Of the two boldface sentences in the OP, the first represents the book rather accurately, while the second does not.
With regard to the sentence "It argued that Muslims are driven to violent actions by their violent religion".
The book says
The speciousness of this claim [Islam is no more amenable to violence than any other religion] is best glimpsed by the bright light of bomb blasts
In his own press release for the book, on his own website, Harris has written:
excuse religion as the basis for violence, preferring to maintain, against all contrary
evidence, that only economic and political motives fuel extreme violence.
With regard to the second boldface sentence "Even moderate Muslims harbour dangerous and savage thoughts that make them an enemy within":
According to the New York Times review of the book:
Harris reserves particular ire for religious moderates, those who "have taken the apparent high road of pluralism, asserting the equal validity of all faiths" and who "imagine that the path to peace will be paved once each of us has learned to respect the unjustified beliefs of others." Religious moderates, he argues, are the ones who thwart all efforts to criticize religious literalism. By preaching tolerance, they become intolerant of any rational discussion of religion and "betray faith and reason equally."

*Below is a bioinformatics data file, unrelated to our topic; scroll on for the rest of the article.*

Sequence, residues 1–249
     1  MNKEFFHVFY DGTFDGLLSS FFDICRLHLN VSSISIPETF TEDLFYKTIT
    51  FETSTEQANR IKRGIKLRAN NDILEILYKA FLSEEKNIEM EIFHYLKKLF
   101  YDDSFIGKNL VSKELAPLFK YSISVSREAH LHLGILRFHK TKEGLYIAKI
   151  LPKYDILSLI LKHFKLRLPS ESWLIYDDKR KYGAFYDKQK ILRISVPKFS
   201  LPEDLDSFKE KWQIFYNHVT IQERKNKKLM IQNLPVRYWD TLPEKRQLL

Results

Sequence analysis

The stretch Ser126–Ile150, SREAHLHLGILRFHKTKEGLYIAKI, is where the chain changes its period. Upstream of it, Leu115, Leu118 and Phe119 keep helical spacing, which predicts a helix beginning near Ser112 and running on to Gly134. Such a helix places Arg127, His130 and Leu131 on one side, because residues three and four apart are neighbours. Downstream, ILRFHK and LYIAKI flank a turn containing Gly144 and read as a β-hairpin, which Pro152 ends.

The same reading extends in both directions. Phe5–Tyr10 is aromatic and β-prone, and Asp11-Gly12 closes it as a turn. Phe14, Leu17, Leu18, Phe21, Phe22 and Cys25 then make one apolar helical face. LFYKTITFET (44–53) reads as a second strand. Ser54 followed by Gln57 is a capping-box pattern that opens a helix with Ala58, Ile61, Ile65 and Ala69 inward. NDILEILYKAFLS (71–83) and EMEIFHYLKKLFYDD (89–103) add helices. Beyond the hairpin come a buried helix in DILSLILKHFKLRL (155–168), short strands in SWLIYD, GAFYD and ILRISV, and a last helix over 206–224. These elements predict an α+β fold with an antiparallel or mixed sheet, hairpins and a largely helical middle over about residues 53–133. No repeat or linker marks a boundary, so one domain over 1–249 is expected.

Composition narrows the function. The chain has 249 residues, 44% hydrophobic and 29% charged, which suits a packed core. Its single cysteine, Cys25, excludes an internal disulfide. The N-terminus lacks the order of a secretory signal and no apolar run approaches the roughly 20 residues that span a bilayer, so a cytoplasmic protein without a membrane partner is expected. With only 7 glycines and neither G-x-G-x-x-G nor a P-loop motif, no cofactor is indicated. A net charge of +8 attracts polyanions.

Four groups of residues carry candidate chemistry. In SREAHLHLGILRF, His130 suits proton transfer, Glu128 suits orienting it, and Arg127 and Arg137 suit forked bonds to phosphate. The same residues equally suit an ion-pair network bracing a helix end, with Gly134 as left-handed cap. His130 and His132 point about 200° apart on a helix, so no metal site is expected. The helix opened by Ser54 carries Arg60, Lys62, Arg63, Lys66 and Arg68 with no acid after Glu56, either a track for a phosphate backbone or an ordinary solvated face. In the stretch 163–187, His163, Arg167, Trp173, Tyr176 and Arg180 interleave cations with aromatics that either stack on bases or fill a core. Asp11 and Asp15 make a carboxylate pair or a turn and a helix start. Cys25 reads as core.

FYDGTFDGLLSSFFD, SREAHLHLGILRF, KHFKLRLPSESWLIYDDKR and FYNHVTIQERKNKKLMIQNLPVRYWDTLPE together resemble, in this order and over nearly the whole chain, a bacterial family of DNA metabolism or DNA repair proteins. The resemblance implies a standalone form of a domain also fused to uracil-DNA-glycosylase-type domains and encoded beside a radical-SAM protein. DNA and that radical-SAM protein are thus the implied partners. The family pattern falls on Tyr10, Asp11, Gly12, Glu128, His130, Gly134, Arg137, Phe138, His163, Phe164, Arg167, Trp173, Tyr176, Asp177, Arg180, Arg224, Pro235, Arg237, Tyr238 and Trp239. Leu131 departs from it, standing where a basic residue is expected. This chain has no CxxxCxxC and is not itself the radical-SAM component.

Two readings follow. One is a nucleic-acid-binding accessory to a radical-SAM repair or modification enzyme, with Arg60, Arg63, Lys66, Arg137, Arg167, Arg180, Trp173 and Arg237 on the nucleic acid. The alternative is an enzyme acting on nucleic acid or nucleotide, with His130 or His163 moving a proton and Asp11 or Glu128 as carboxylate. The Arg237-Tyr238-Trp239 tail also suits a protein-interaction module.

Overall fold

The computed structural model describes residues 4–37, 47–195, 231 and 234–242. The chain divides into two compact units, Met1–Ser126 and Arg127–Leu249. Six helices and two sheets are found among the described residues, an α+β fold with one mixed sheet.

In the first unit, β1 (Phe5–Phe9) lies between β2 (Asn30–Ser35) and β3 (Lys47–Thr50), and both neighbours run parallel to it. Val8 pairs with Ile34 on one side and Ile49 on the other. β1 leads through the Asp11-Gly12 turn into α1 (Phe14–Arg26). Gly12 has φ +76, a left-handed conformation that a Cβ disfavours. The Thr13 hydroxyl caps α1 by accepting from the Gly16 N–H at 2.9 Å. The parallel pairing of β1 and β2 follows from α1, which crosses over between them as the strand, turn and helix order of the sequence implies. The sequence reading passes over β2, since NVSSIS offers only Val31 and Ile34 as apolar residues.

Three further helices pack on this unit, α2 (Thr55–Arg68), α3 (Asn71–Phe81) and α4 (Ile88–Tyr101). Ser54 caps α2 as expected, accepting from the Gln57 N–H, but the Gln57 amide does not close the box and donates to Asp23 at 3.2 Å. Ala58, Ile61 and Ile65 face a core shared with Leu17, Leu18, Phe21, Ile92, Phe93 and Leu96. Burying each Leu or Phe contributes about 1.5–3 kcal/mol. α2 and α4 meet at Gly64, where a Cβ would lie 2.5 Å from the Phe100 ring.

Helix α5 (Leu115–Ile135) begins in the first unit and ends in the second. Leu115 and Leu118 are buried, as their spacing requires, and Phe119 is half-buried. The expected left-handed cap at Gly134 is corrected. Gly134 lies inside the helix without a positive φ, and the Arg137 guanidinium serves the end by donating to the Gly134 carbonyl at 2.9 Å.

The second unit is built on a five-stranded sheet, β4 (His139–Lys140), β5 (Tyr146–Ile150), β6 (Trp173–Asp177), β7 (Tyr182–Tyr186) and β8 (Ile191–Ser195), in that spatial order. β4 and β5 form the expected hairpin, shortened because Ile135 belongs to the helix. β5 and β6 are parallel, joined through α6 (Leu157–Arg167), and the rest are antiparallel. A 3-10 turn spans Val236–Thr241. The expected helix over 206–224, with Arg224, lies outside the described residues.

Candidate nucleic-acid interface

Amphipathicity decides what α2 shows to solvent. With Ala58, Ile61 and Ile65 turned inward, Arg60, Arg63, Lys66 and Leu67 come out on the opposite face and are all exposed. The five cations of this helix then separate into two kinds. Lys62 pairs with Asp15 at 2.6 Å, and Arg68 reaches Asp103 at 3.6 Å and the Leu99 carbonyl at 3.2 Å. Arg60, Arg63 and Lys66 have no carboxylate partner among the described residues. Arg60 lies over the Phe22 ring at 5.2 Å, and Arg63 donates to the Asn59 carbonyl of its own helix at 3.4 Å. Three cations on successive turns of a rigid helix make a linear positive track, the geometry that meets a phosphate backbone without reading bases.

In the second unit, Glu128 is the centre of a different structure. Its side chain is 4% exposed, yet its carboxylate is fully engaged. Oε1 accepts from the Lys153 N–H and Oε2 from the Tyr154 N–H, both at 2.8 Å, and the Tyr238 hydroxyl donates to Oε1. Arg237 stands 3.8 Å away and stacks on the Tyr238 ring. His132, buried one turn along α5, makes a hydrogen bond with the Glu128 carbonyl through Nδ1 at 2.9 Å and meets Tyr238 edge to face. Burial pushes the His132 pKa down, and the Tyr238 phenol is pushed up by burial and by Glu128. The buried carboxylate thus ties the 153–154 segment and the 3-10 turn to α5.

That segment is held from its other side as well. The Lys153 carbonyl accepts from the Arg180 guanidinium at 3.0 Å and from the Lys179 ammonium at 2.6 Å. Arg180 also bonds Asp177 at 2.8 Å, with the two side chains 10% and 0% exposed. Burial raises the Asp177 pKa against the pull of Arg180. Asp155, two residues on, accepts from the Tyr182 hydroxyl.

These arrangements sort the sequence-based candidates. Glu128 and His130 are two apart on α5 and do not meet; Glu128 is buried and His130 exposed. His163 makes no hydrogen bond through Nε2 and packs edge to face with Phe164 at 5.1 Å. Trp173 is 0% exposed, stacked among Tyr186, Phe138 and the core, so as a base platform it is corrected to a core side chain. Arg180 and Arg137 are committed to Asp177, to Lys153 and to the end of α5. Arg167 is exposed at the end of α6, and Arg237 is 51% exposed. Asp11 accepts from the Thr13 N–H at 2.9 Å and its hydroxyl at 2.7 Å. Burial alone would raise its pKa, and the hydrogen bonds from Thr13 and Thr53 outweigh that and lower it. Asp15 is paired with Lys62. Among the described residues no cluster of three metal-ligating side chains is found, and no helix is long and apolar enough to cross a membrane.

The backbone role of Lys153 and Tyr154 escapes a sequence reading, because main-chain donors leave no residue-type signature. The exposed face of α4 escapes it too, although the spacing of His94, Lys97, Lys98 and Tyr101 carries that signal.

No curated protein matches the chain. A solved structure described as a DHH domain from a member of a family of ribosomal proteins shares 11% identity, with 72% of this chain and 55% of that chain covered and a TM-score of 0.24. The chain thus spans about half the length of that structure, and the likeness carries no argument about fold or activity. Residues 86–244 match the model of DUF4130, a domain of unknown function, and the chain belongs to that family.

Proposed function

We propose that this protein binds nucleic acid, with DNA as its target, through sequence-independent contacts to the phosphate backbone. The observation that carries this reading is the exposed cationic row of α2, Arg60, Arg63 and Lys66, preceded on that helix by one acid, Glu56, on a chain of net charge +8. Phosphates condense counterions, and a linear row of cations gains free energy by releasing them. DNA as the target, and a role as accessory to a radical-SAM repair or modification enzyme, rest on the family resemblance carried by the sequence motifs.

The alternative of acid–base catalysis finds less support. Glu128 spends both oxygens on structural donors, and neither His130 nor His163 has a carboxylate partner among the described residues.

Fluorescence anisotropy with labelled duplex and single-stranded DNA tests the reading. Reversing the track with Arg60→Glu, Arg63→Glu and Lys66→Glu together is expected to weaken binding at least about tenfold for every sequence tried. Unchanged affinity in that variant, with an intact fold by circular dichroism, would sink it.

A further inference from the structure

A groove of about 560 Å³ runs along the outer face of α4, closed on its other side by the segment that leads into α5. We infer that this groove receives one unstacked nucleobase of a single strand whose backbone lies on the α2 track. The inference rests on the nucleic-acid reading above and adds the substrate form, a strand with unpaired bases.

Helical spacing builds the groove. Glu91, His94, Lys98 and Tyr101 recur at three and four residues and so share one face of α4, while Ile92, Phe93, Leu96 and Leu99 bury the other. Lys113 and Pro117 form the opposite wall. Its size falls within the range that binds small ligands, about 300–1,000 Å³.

However, Harris has also written a separate article Who Are the Moderate Muslims?. There he praises Abdel Rahman al-Rashed as a moderate Muslim.
In fact, the book actually says:
This transformation, to be palatable to Muslims, must appear to come from Muslims themselves. It does not seem much of an exaggeration to say that the fate of civilization lies largely in the hands of "moderate” Muslims.
So he is casting moderate Muslims in almost a heroic role, certainly not the enemy within.